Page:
Diaphragmatic Breathing

Diaphragmatic breathing involves the adequate contraction of the diaphragm while breathing in. Many people tend to overuse the muscles of the neck during respiration, which can lead to negative consequences:

 - pain in the neck and upper back due to excess muscle tension and stiffness in the spine and ribs
- a reduction in oxygen intake by the lungs due to the insufficient contraction of the diaphragm, which acts as a pump
- pain in the low back and the pelvic area resulting from a decrease in diaphragmatic contraction, which can contribute to a lack of muscular stabilization in the back and the pelvic region

A method for practicing diaphragmatic breathing:

- place the hands on the abdomen
- take a deep and slow breath through the nose while applying a light pressure on the abdomen with the hands to stimulate contraction of the diaphragm
- exhale slowly through the mouth

For further information, you can contact me at 514-934-2334 ext 509.

Does treating the mid-back affect the low back and the hip?

Throughout my extensive experience in treating back pain, it is clear that the mobility of the thoracic spine (mid-back) and rib cage plays a key role in issues in the upper and low back as well as in the pelvic region and the hip. Currently, I have patients experiencing pain in the lumbosacral area (low back) and the hip, who have greatly benefited from manual therapy (joint mobilizations) at the thoracic spine. I am also treating a dancer with pain and chronic stiffness at the lumbar spine, the sacro-iliac joint (between the base of the spine and the pelvis), and the hip, who experienced significant positive results from manual therapy and McKenzie exercises (specific repeated movements) targeting the thoracic region.

There are two main reasons for the effectiveness of treatments at the thoracic region for the lumbopelvic area and the hip: (1) The functional connectivity between the thoracic spine, the low back, and the pelvis means that these areas work in concert with each other to enable the execution of various movements; (2) the thoracolumbar fascia functions as a crucial muscular link between these different parts.

Pain and the Connectivity of Different Parts of the Body

Recently, I was treating a patient who had knee pain and difficulty doing certain sports activities. Radiological exams did not reveal any lesions in the knee. During the physiotherapy assessment, the knee pain could not be elicited. However, I found a muscle weakness in the hip/gluteal area as well as a significant lack of joint mobility in the foot. Thus, my clinical impression is that the issues in the hip and the foot were contributing to the knee pain, since the entire leg like other regions of the body functions as a whole, like a chain. In the end, without having to directly treat the knee, we succeeded in eliminating the pain and in significantly improving his athletic performance. In conclusion, in certain cases, the factors contributing to pain in a specific part of the body can originate from elsewhere due to the connectivity of various areas.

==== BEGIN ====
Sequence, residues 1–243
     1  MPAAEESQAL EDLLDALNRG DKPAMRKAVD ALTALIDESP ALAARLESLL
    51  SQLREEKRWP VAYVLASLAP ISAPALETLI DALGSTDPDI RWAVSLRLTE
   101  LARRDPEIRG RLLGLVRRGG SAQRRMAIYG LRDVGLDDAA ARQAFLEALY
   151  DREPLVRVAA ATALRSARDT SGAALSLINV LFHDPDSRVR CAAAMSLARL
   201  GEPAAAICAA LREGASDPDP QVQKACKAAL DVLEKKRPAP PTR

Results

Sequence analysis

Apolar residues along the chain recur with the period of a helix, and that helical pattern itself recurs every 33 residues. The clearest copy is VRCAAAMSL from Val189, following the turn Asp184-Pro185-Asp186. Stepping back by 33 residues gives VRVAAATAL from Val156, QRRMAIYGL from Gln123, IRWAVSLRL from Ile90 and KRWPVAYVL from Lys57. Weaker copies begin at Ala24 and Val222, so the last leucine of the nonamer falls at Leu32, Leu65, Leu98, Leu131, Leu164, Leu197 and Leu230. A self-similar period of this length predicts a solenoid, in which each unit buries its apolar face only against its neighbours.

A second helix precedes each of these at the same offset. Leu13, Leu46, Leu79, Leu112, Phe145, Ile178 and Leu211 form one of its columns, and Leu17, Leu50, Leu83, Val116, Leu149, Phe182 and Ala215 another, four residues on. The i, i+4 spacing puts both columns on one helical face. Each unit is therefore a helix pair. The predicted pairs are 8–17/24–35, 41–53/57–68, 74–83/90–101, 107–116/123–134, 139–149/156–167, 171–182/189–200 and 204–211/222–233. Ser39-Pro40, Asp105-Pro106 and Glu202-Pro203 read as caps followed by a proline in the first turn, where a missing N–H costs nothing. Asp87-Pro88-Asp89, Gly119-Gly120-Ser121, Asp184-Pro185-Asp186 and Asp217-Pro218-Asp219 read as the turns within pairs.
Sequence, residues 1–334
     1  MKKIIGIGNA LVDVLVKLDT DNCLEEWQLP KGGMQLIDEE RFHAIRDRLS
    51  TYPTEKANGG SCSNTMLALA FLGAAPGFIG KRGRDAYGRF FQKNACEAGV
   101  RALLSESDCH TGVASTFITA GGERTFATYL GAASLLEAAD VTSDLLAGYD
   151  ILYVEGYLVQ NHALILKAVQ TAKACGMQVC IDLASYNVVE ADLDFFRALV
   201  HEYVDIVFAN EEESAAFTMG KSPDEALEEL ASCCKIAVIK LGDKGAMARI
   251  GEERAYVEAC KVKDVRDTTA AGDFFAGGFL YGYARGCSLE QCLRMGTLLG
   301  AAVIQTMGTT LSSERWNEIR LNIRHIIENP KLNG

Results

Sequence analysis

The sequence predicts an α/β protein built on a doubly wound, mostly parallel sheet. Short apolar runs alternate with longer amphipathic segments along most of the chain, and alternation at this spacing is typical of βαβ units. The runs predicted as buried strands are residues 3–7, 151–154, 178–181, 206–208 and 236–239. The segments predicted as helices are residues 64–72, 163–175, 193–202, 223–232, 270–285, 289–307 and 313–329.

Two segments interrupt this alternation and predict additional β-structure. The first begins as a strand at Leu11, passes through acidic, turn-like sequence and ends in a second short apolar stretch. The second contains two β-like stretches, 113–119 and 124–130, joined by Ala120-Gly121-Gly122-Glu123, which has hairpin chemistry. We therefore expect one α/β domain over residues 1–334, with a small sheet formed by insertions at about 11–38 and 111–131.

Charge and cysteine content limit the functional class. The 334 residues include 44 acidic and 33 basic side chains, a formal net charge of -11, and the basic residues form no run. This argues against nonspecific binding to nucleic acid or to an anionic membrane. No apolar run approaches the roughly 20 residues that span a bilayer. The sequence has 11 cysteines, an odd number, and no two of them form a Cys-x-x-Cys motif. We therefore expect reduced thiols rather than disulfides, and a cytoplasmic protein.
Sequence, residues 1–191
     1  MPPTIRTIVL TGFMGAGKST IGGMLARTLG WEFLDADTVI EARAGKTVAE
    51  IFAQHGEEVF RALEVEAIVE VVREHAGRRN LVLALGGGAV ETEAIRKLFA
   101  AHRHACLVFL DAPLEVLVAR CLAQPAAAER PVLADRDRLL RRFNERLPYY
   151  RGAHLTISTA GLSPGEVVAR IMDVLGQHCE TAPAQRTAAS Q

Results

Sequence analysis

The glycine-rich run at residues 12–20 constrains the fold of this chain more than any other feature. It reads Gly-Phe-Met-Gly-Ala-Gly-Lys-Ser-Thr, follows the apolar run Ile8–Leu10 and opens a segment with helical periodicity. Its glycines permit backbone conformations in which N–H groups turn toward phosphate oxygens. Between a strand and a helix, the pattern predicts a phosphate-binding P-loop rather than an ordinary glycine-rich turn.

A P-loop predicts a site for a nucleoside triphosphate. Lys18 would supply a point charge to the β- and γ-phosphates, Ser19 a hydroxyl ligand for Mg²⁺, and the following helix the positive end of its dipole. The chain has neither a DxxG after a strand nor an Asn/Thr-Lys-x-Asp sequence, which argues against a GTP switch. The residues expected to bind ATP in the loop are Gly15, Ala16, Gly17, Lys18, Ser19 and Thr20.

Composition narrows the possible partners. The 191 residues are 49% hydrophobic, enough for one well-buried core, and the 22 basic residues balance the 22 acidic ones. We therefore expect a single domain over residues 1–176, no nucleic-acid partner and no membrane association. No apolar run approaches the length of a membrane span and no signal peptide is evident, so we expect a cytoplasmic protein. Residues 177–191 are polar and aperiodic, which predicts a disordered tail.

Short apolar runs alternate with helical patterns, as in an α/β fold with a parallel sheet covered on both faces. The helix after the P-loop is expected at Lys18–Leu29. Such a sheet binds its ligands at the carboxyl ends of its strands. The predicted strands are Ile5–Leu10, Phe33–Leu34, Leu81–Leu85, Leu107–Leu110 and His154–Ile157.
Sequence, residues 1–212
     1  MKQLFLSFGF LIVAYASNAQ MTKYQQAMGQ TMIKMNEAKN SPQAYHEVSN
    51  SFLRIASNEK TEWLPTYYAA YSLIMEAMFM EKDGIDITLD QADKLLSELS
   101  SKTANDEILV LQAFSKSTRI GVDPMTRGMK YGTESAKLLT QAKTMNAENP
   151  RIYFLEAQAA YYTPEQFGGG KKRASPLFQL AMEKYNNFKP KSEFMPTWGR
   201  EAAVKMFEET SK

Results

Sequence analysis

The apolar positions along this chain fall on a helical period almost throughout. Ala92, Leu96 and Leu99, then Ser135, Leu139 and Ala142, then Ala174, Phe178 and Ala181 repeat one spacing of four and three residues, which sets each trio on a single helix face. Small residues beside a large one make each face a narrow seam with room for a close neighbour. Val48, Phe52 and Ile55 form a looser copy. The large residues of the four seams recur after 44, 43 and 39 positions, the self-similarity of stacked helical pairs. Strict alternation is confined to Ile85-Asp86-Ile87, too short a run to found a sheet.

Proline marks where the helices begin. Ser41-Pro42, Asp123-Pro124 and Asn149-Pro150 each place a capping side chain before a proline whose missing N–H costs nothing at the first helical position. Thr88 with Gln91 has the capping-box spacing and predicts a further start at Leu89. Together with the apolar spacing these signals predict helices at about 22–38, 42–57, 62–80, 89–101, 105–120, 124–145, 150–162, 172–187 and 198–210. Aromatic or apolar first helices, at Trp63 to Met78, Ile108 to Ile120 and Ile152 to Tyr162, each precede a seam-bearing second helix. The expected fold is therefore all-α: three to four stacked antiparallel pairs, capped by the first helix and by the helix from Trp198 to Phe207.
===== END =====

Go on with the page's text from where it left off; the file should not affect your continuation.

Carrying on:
Physiotherapy and Sex

Although sex is often a delicate and even a taboo subject, it is a significant part of human life and activity. With regards to physiotherapy, it is the "activity" aspect that is pertinent. Sexual intercourse involves most of the body, from the head to the feet. Musculoskeletal pain and nerve-related symptoms (tingling, numbness) can hinder sexual acts or be aggravated by the latter. As a health care professional, helping people improve their sex life by treating biomechanical issues forms part of the clinical skills of the physiotherapist. For more information, you can contact me at 514-934-2334 ext 286.

Shoulder Tendonitis

Shoulder tendonitis involves an inflammation of a tendon, the part of the muscle that attaches to the bone. Repetitive movements and positions or sudden awkward movements can lead to tendonitis.

Contributing factors often include faulty biomechanics, which is one of the main targets of physiotherapy. Anatomical components that can adversely affect biomechanics are joint mobility limitations in the shoulder or upper back region, erroneous positioning of the arm or the back during certain movements, and an imbalance in the strength of muscles in the upper extremity and the back.

Assessment in physiotherapy helps determine the factors causing pain, and a treatment plan is then formulated according to these factors and the patient's needs and goals. The treatment sessions often entail a combination of manual treatments, exercises, and advice regarding posture and the proper execution of specific movements. Consult a licensed physiotherapist to begin the process towards recovery!

My Tailored Physiotherapy Approach

Assessment in physiotherapy involves a systematic analysis of the problem at hand (pain, lack of movement, etc) in order to devise a treatment plan that is congruent with the patient's / client's goals.

My clinical approach consists of determining the contributing factors by evaluating the joint mobility (manual therapy), the movements that relieve and aggravate the symptoms (McKenzie method), and the biomechanics of the affected movements and activities (postural approach).

This detailed analysis allows us to establish the relative importance of the above methods in the patient's care, which is carried out through manual treatments, patient education, and prescribed exercises.